Heuser’s attorney, Bruce Brusavich, of the Torrance-based law firm, AgnewBrusavich, said Heuser’s lawsuit is “very early in litigation”, and that they are trying to determine exactly how many people will be suing. Brusavich said it will likely be approximately 90 people. Some of the patients have died since the overdoses occurred, and others may have accepted settlements, the terms of which are confidential.
Brusavich and attorney Bill Newkirk, who represents 46 patients, are members of a steering committee comprised of approximately seven attorneys who are handing lawsuits filed by the patients who received the overdoses. A court hearing is scheduled on Oct. 22 between the lawyers for the plaintiffs and the defendants in the case to work out how the lawsuits will proceed. Originally, a class action lawsuit had been filed, but now the lawsuits are moving forward individually. The lawsuits claim the hospital was negligent, and that G.E. is liable for defects in the machines. Cedars-Sinai has not disclosed specifically how the machines were reset to deliver eight times the normal dose of radiation.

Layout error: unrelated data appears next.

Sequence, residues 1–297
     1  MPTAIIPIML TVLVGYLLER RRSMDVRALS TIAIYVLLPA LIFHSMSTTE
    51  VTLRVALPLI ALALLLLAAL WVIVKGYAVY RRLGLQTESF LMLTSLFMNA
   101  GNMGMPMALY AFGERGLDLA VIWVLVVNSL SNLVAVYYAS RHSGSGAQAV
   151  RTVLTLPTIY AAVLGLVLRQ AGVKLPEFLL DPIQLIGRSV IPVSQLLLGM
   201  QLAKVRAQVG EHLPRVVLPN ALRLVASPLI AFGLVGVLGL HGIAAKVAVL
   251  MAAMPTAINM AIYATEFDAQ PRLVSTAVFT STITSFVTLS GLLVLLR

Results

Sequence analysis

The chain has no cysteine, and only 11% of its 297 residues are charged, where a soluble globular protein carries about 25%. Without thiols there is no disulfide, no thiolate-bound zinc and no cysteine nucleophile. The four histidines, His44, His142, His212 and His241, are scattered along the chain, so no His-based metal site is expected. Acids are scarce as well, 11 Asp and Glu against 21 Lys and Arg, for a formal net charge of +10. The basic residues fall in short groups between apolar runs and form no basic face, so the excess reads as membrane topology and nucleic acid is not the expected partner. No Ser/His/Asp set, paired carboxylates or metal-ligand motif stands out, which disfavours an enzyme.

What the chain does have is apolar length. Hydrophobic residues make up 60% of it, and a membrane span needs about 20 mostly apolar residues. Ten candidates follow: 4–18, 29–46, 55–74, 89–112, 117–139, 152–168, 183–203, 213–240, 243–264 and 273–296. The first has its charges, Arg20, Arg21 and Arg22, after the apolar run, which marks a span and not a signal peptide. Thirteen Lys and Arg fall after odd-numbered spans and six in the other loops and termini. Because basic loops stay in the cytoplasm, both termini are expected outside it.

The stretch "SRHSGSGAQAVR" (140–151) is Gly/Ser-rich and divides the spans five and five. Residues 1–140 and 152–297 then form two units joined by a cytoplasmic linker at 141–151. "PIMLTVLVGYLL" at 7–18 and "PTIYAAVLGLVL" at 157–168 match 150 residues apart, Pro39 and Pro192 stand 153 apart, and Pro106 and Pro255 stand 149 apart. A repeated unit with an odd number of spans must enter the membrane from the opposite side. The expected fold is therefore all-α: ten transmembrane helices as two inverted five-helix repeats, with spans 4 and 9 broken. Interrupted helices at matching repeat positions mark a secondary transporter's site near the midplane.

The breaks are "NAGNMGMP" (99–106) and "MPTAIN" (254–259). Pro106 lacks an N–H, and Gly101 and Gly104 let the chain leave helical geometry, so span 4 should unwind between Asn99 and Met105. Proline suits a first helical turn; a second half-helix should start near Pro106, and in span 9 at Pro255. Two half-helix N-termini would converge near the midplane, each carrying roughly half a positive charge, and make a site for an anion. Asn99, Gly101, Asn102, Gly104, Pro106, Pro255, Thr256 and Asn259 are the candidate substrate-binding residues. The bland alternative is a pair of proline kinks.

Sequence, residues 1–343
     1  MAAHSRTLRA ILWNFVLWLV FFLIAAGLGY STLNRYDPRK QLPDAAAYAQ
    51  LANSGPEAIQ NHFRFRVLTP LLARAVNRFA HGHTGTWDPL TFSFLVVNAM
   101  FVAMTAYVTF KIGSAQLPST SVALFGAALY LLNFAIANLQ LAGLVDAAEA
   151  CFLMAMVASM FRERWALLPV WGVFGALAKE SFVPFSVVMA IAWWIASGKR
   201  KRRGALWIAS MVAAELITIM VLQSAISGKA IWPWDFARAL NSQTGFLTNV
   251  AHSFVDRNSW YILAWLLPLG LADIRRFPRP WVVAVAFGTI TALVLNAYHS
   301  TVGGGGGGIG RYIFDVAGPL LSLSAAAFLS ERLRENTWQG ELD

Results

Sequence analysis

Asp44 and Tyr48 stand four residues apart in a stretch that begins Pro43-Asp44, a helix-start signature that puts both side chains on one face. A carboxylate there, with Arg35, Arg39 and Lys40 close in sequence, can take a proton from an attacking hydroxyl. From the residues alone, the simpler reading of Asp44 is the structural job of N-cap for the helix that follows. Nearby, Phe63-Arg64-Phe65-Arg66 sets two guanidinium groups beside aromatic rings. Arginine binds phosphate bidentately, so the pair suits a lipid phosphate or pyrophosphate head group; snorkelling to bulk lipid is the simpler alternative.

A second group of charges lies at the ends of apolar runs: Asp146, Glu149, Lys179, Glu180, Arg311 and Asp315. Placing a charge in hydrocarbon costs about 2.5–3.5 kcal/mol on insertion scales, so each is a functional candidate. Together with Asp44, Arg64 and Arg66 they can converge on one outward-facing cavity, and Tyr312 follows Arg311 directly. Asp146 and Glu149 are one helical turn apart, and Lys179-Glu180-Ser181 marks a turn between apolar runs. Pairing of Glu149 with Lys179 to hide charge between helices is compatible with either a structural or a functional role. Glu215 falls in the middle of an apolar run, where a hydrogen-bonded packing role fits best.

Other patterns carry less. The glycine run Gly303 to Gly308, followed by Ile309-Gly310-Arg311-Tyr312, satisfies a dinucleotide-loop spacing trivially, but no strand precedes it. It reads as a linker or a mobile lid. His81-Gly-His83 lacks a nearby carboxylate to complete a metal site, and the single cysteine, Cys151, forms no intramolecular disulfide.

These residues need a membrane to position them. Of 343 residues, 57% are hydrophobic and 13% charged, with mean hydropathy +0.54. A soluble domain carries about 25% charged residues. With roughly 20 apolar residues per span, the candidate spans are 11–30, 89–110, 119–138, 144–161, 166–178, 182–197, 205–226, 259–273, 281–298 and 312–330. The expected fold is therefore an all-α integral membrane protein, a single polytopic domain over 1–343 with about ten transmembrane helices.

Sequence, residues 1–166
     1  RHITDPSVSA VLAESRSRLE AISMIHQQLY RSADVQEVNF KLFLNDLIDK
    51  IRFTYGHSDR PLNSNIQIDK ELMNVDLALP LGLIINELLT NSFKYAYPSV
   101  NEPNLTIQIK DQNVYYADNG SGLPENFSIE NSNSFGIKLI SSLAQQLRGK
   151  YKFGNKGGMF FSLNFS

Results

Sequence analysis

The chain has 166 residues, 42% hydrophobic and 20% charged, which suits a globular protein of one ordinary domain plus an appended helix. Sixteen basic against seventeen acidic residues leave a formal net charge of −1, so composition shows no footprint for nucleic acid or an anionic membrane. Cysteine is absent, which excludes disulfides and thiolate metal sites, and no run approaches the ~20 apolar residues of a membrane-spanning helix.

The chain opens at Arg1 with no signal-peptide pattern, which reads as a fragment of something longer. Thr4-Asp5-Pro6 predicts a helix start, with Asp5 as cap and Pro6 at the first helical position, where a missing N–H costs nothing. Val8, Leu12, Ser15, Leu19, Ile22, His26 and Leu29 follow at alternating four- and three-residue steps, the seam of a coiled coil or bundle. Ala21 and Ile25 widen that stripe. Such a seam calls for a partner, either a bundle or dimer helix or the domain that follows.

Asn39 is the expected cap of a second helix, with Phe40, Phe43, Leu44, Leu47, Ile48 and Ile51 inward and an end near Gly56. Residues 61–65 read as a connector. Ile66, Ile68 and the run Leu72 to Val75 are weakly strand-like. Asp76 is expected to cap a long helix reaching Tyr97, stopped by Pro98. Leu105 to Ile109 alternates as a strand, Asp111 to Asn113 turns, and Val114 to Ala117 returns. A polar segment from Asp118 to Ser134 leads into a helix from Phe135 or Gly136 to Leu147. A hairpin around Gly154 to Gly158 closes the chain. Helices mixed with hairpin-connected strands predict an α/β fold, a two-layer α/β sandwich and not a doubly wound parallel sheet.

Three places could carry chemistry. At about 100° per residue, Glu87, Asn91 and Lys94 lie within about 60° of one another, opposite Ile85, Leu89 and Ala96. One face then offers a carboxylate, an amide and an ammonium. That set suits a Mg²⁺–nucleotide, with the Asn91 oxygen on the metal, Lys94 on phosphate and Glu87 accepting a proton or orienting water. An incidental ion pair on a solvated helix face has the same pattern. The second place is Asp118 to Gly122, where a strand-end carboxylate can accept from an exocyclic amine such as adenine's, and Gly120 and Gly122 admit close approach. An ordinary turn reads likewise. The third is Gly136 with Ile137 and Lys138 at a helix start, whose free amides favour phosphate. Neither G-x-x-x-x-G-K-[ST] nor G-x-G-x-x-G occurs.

Heuser said the physicians from Cedars-Sinai Medical Center told him that the radiation overdoses would likely not cause any long-term risks. His hair grew back after several weeks, but Heuser claims he now has more grey hair than before. He added that he now lives with the uncertainty of possibly developing cancer or other diseases as a result of the radiation. Some studies have indicated that overdoses of radiation to the degree of the Cedars-Sinai incidents put patients at up to 600 times more at risk for developing cancer.
“The consensus is something will happen,” Heuser said.
Newkirk said there is an urgency for the patients because the statute of limitations on filing a medical malpractice lawsuit in California is one year the mark in this case would be Oct. 31. After that, the patients will have no legal recourse, Newkirk said. He added that the families of patients who have died after they received the radiation overdoses are prevented from filing malpractice lawsuits under California law. Their only recourse would be to file a wrongful death lawsuit, which would be very difficult to prove, given the serious medical conditions, such as strokes, that brought them to the hospital in the first place, Newkirk said.